Chicago had nine rookies start at least a game for them, with 12 rookies appearing in at least 12 games, and 18 rookies got time in at least one contest for the franchise. General manager Ryan Poles committed to the rebuild, and the experience many first-year players received could pay dividends next season after the Bears bolster their roster in the draft and via free agency.
No rookie played more for the Bears than starting left tackle Braxton Jones, and here’s what PFF said about him.
One of the steals of the draft class so far. The Bears’ fifth-rounder did enough to put himself as their undisputed long-term starter at left tackle. He finished with a 79.4 run-blocking grade and a 70.5 pass-blocking grade on the season.
I’ve spent a lot of time watching Jones this season, and he has done enough to warrant a legit shot at locking down left tackle for the next several years. He has room to grow, but his self-awareness of his play has me excited about his development.
I did a quick Jones breakdown at 2nd City Gridiron after what was probably his best game of the season, week 16 against the Bills, but unfortunately, he followed that up with a rough game in Detroit the next week.
Jones’ rookie year was up and down as a pass blocker, but he looked like a seasoned veteran in the running game. Chicago’s offensive scheme helped his overall pass block grade because it was much lower in “true pass sets” (i.e., pass plays using play action, screens, a time-to-throws under 2 seconds).
But I’m not discouraged by his play at all. Rookie offensive linemen struggle more often than not, and he has the work ethic, athleticism, and football IQ, to attack the offseason.
Here’s what PFF had to say about safety Jaquan Brisker.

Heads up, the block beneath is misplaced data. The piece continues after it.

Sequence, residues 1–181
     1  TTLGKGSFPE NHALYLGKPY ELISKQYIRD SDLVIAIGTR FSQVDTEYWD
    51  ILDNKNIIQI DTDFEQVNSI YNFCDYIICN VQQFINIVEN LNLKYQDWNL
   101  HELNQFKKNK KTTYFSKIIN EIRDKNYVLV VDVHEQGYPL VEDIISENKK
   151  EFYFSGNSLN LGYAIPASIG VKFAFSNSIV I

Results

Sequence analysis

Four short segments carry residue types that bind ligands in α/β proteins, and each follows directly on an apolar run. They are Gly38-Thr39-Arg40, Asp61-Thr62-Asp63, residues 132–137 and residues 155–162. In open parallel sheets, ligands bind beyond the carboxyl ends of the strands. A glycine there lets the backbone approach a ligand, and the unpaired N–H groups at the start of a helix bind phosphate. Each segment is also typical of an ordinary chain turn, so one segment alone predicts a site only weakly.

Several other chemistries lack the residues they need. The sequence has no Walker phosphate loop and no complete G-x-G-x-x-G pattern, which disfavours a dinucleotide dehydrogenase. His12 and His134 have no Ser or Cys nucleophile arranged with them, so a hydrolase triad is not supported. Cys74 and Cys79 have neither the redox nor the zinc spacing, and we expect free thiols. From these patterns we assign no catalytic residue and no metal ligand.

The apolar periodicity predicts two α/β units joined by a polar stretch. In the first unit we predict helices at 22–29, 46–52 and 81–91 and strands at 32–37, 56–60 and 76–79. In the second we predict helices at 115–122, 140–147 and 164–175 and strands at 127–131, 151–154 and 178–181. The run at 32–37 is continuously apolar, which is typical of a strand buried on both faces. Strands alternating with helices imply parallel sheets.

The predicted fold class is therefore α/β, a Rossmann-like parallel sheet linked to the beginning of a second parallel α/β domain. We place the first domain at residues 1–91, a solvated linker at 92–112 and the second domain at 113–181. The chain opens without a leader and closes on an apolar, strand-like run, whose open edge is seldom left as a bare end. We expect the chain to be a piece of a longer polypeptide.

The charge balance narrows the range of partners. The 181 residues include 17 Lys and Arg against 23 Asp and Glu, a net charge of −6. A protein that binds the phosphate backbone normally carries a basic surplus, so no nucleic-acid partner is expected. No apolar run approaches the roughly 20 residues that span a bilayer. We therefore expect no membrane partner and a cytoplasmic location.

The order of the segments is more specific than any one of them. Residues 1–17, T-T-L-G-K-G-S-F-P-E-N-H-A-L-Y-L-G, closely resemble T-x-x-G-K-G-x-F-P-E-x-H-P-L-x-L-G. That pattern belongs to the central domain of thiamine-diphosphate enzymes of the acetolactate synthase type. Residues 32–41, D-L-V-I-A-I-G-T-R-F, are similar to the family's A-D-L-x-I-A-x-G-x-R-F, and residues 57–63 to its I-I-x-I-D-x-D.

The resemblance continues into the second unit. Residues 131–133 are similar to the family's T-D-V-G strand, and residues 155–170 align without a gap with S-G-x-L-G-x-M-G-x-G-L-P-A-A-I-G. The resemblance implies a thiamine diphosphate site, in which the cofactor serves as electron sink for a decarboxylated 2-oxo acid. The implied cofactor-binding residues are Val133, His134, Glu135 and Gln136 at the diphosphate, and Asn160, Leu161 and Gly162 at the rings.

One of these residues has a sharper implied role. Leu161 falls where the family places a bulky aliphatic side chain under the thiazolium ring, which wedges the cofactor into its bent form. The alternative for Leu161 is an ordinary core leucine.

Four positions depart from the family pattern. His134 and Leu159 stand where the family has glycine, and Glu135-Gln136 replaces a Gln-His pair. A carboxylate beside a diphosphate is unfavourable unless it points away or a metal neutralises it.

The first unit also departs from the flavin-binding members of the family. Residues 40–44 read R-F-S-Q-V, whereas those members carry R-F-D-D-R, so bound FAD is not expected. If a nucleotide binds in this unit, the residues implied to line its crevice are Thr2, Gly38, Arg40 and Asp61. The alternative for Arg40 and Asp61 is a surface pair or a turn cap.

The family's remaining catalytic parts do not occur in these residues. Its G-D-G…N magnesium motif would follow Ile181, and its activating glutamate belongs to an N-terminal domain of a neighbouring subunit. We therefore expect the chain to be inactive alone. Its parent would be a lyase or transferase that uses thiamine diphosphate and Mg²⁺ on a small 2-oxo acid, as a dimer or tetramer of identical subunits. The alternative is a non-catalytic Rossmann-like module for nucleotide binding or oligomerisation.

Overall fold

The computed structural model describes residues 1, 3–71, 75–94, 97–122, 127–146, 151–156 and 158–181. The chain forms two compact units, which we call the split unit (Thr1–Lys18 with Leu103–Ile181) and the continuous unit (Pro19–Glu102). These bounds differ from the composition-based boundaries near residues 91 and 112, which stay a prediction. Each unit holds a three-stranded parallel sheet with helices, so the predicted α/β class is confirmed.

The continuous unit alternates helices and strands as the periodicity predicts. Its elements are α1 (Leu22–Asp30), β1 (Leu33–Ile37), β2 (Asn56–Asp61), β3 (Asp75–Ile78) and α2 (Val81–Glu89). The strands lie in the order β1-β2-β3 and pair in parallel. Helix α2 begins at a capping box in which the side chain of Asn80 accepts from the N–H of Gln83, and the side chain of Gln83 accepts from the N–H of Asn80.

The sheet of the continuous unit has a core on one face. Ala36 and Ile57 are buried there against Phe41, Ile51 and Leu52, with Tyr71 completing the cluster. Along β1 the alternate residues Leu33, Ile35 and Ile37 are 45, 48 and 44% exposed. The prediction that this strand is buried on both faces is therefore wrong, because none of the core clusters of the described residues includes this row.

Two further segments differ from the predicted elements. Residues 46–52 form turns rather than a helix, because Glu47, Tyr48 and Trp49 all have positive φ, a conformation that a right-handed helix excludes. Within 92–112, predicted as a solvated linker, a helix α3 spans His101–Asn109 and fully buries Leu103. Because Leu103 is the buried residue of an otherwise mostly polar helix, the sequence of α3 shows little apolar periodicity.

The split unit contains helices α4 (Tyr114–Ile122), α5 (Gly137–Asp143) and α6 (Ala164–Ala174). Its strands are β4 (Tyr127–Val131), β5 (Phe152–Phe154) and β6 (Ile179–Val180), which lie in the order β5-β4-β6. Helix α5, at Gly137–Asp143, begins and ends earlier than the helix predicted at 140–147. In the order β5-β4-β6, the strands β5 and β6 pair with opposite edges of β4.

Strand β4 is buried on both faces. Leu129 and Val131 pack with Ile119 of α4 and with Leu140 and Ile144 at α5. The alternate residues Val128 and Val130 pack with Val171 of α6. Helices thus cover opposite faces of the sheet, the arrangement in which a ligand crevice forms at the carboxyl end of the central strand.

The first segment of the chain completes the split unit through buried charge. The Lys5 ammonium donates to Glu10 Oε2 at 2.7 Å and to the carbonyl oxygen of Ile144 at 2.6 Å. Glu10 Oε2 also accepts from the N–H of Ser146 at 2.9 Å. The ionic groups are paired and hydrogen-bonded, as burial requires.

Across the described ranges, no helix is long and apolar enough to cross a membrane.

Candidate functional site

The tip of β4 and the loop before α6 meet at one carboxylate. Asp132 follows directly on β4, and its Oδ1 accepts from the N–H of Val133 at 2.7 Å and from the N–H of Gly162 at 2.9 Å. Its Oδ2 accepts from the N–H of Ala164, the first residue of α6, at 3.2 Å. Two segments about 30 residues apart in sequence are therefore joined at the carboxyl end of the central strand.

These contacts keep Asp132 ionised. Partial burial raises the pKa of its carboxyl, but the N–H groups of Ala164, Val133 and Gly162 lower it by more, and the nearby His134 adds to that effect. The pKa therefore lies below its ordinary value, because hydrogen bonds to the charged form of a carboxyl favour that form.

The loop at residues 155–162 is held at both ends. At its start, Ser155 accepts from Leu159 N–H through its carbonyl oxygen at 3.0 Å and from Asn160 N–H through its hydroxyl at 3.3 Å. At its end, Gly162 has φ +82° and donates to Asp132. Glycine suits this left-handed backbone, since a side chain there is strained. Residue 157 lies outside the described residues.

Brisker always seemed to be around the ball for Chicago as a rookie. He finished his first season with 28 defensive stops, the 10th-most of any safety in the league. And he did it all from a number of alignments, with 371 snaps coming from the slot, 150 along the line of scrimmage, 289 deep and 100 from the slot.
Brisker’s versatility was the second thing I noticed about him during training camp. The first thing was his athleticism. He was quick and fluid running around Chicago’s secondary, and it was no surprise he was a week one starter. He led the Bears in sacks with 4 and was second on the team with 104 tackles.
His 955 defensive snaps were second on the team, with another rookie right behind him (Kyler Gordon) at 864. In fact, no team in the NFL had more rookies play on defense than the Bears with 29.2% of their defensive snaps coming from first-year players. The Texans were next at 25.2%, followed by the Chiefs at 24.3%, the Lions at 23.4%, and the Giants at 20.1%.
Here’s what PFF had to say about Chicago’s third All-Rookie performer, middle linebacker Jack Sanborn.
Sanborn was a revelation in his albeit brief stint as the starting linebacker for the Bears. In six games as a starter, he racked up 24 defensive stops. Extrapolate that to a full 17-game season, and it would have ranked second in the league. That’s quite the start of a career.
Sanborn had some immediate buzz when the Bears signed him as a UDFA from Wisconsin. It continued when he flashed during training camp and grew even more during the preseason games when he led the Bears in defensive tackles (14) and special teams tackles (4) while adding an interception and fumble recovery.
He only saw one defensive snap through the first seven weeks of the regular season, but in his six starts, he racked up 59 tackles, 5 tackles for loss, 2 sacks, and a fumble recovery.
In case you missed it, we discussed all three of these rookies, plus we recapped Chicago’s 2022 season in our latest Bear & Balanced.